Red Hat Enterprise Linux 7.1 Beta is here

Doesn't it seem like RHEL 7 just came out the other day? Well, brace yourself, the next version is already on its way.

Time, and operating system developments wait on no one. Only a few months ago Red Hat released Red Hat Enterprise Linux (RHEL) 7 and now the RHEL 7.1 beta has landed on our doorsteps.

This newest RHEL introduces support for the POWER 8 little-endian, hardware architecture support for IBM Power Systems

This update comes with the following improvements:

Red Hat is adopting OpenLMI. This is a standardized remote application programming interface (API). In RHEL 7.1, OpenLMI comes with storage management enhancements and support for thin provisioning in Logical Volume Manager (LVM).

RHEL 7.1 also includes Ceph userspace components and the Ceph RADOS Block Devices (RBD) kernel module for easier access to Ceph block storage devices.

When Windows and Linux servers must live under the same roof, RHEL 7.1 offers improved interoperability with Windows file and print services. This is being done by limiting reliance on Winbind and adding improved integration of Common Internet File System (CIFS) with Red Hat's System Security Services Daemon (SSSD).

To improve security, RHEL 7.1 also comes with support for FreeOTP, a two-factor authentication application for one-time password authentication. This works with the LDAP and Kerberos protocols. The beta also introduces a new Certificate Authority (CA) management tool. This makes it easy for customers using Red Hat's Identity Manager (IdM) -- which integrates Kerberos authentication, directory services, certificate management, DNS, and NTP into a single service -- to change a CA certificate and alter the trust chain.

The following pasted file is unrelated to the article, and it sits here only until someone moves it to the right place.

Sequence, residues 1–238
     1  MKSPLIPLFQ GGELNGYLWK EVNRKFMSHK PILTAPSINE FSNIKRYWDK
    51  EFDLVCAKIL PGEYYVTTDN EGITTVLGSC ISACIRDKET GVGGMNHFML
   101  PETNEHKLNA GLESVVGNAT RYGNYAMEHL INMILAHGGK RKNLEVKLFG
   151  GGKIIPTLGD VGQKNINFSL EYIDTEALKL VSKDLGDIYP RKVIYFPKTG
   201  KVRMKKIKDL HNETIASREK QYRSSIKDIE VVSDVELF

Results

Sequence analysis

The last should be used with extreme caution. I see real potential for abuse here.

RHEL 7.1 also comes with support for a newer edition of the Docker container program, version 1.2.

Finally, RHEL 7.1 includes numerous "out-of-the-box" performance management features such preset as tuned and performance profiles. In addition, new locking mechanisms have been implemented in the kernel that improve processor efficiency for large systems with sizable Non-Uniform Memory Access (NUMA) nodes.

As I survey all these changes, I can see how any shop that wants to get the most out of RHEL would want to give this beta a try. If it works out well, I can also seeing a business shifting over to it in double-quick time. This looks like a good, solid upgrade, albeit I remain a bit concerned about the power that the new CA tool gives over IdM.

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